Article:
The Union hope to bolster the attack with new player signings. Hackworth traveled to Ecuador last week to scout a player. Meanwhile, top assistant Rob Vartughian was in Europe as of Saturday, having traveled to Denmark, Greece and Germany. Vartughian might also head to Sweden, where the season is over but the Union are interested in a player whose club is playing in one of the European tournaments, Hackworth said. The Union are also actively exploring the trade market.

First and foremost, the Union are looking for a center attacking midfielder, a true No. 10 in the mold of Diego Valeri or Federico Higuain. “So if we did find the right guy, we would sign him,” Hackworth said.

In 2013, Hackworth tried to shoehorn Michael Farfan and Keon Daniel into the No. 10 role, but he and his coaching staff learned neither fit the role perfectly. In retrospect, both should be “supporting midfielders,” Hackworth said.

Farfan struggled for much of the season after playing in the MLS All-Star Game just a year earlier, although he closed the season with several strong games.

“Michael epitomizes the kind of player I like and I want on a team,” Hackworth said. “We probably put a little too much pressure on him to be a No. 10, to be the playmaker on the team, and I don’t think he played it as well as he could.

“He really picked it up at the end of the season, and I just wish it could have been that way all year.”

Hackworth acknowledged Farfan was not a true No. 10, but he’s also not a straight winger who hugs the sideline. “He’s a wide player that likes to come inside, feels comfortable playing in those tight places and coming out of them,” Hackworth said.

Daniel is a different story.

“I first saw Keon while on Bob Bradley’s [U.S. national team] staff,” Hackworth said. “I watched him be one of the best players in CONCACAF playing attacking midfield for Trinidad. But I think Keon would be the first to tell you he didn’t have the best year doing that.”

Hackworth believes Daniel can flourish playing attacking midfield. For him to regain that form, however, Hackworth said Daniel needs to be looking more for shots and passes penetrating into the field’s attacking third, something he seldom did this year.

Team needs

Midfield isn’t the Union’s only need, but it tops the list.

“I think midfield is where our most pressing needs are,” Hackworth said. “A No. 10, and a guy who can lock down the left side of the midfield.”

Hackworth would also like to sign a true left back to pair with Fabinho at the position, where natural right back Ray Gaddis started for most of the 2013 season. “You have Ray there, who did a phenomenal job this year, but he’s a right back,” Hackworth said. “I think it’s a disservice to Ray if we ask him to do that again next year.”

The club also needs depth at center back and goalkeeper after skating by this season without a true backup center back or third goalkeeper. “We were really fortunate not to get hit by the injury bug this year,” Hackworth said.

The club could pick up a forward as well, Hackworth said, but that is not a priority.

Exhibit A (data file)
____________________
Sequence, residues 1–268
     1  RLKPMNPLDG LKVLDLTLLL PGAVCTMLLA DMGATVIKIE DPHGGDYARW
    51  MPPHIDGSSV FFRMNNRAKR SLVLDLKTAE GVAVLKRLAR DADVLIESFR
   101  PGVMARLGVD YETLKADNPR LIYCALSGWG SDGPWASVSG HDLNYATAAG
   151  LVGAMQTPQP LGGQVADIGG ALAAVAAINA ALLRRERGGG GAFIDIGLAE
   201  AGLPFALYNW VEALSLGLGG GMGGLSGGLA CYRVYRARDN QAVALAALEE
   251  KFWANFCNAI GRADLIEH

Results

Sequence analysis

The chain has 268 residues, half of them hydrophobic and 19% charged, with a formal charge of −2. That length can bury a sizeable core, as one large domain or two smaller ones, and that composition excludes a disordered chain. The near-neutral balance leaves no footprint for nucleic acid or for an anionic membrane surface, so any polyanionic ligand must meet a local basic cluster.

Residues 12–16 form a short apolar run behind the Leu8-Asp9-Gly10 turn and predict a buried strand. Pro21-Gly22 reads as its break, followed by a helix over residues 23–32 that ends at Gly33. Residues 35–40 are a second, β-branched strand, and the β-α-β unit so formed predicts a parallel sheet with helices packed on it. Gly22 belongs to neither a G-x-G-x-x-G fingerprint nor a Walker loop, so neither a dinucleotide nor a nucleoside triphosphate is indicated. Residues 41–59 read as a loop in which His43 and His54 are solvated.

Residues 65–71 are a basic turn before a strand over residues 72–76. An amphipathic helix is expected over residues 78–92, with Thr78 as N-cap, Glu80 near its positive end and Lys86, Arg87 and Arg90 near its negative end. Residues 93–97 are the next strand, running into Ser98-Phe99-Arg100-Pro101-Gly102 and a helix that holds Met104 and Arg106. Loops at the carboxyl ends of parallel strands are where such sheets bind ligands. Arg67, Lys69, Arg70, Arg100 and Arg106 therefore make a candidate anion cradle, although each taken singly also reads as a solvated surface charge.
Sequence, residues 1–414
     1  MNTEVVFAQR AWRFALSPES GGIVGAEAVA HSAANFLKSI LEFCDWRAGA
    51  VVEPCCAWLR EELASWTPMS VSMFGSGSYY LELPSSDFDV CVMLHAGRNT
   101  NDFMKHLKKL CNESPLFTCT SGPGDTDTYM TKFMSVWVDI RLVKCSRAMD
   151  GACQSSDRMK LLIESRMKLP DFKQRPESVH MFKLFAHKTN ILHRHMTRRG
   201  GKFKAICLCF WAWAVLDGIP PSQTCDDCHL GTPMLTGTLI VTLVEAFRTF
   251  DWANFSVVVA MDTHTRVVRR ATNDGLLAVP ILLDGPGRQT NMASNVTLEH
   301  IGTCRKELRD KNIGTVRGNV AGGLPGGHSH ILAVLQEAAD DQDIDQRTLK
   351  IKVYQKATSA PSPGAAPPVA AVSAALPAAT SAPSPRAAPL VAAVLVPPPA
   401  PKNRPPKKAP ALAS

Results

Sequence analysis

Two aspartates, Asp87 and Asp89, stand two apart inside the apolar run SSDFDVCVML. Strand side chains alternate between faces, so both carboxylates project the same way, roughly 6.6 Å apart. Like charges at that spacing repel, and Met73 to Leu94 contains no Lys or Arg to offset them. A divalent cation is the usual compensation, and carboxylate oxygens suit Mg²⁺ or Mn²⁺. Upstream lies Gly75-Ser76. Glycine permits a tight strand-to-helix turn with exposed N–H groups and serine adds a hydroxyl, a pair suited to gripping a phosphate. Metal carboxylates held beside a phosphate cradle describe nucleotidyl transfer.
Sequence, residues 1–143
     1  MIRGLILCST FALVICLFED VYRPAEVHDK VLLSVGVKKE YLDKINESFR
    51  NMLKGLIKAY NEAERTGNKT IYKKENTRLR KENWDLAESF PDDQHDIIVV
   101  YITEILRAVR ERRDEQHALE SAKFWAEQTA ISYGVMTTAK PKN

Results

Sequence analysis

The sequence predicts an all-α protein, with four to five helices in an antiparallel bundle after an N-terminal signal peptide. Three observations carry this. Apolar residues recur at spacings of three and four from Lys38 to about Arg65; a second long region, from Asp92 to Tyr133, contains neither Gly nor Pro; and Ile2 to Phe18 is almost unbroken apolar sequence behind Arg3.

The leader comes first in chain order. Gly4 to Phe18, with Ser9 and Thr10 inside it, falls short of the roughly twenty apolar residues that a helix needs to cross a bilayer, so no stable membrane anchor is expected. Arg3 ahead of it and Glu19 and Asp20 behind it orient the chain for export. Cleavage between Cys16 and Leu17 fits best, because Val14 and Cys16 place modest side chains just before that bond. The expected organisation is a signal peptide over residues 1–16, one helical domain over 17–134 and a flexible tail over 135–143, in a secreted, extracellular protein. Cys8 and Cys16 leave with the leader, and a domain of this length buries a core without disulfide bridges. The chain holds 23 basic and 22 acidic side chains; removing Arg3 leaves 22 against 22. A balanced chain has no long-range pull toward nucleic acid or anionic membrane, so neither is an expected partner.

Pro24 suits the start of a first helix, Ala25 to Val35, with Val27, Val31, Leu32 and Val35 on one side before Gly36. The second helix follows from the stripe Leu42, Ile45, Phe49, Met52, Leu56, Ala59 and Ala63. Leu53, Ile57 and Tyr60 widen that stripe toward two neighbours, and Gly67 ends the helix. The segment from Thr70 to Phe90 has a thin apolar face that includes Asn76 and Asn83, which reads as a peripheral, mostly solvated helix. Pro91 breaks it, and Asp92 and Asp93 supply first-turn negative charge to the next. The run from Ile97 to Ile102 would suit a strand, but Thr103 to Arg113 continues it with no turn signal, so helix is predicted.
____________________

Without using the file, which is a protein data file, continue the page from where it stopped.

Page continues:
Finding an impact designated player or two

Hackworth hopes to sign one or two designated players, but it will not be a player of the renown of David Beckham or Thierry Henry. Rather, the Union would explore the league’s other designated player tiers, such as the young designated player option.

Photo By Earl Gardner

It won’t be of David Beckham magnitude, but the Union want to sign a DP. (Photo: Earl Gardner)

More notable may be the new “impact designated player” alternative, which became available this season after Major League Soccer sold a reported 25 percent of its marketing arm, Soccer United Marketing, to Providence Equity Partners for a reported $125-150 million in 2012.

“The league would match up to $1 million of the investment [on impact designated players],” Hackworth said.

The player must meet certain requirements to qualify as an impact designated player. Notably, the player must be a young attacker. Colorado used this mechanism to sign forward Gabriel Torres this year, as did Toronto with Max Urruti and Portland with Diego Valeri.

Who’s returning?

Hackworth also made clear which players are returning to the club.

The Union are picking up contract options for every player who had them, including Conor Casey, Brian Carroll, Amobi Okugo and Jack McInerney. Essentially, all their regulars are under contract, including Fabinho, Mike Lahoud, and Aaron Wheeler.

However, Hackworth is exploring the trade market and noted that someone could leave via trade. He once again made clear his preference for acquiring proven MLS players, as he did to good effect last year with Le Toux, Casey and Parke. So everything is subject to change.

Also of note:

  • Gaddis and Sheanon Williams are both likely to return, despite the fact that both could start at right back for most MLS clubs, Hackworth said. “Both of those guys epitomize the type of young professional and type of players who do what we want to do.” Hackworth said Williams brings talents unique to the U.S. national team’s pool of right backs and called Gaddis “easily the most mature and mentally tough young professional I’ve been around.”
  • Okugo and McInerney will get large salary bumps in this option year of their rookie contracts, and the Union hope to sign each to long-term deals.
  • Zach Pfeffer’s loan to Hoffenheim in Germany expires Dec. 31, and Hackworth said he will probably return to the Union next season.
Photo by Earl Gardner

The Kleberson-Freddy Adu deal showed the Union’s creativity in the trade market, but Kleberson is unlikely to return in 2014. (Photo: Earl Gardner)

Who’s not returning?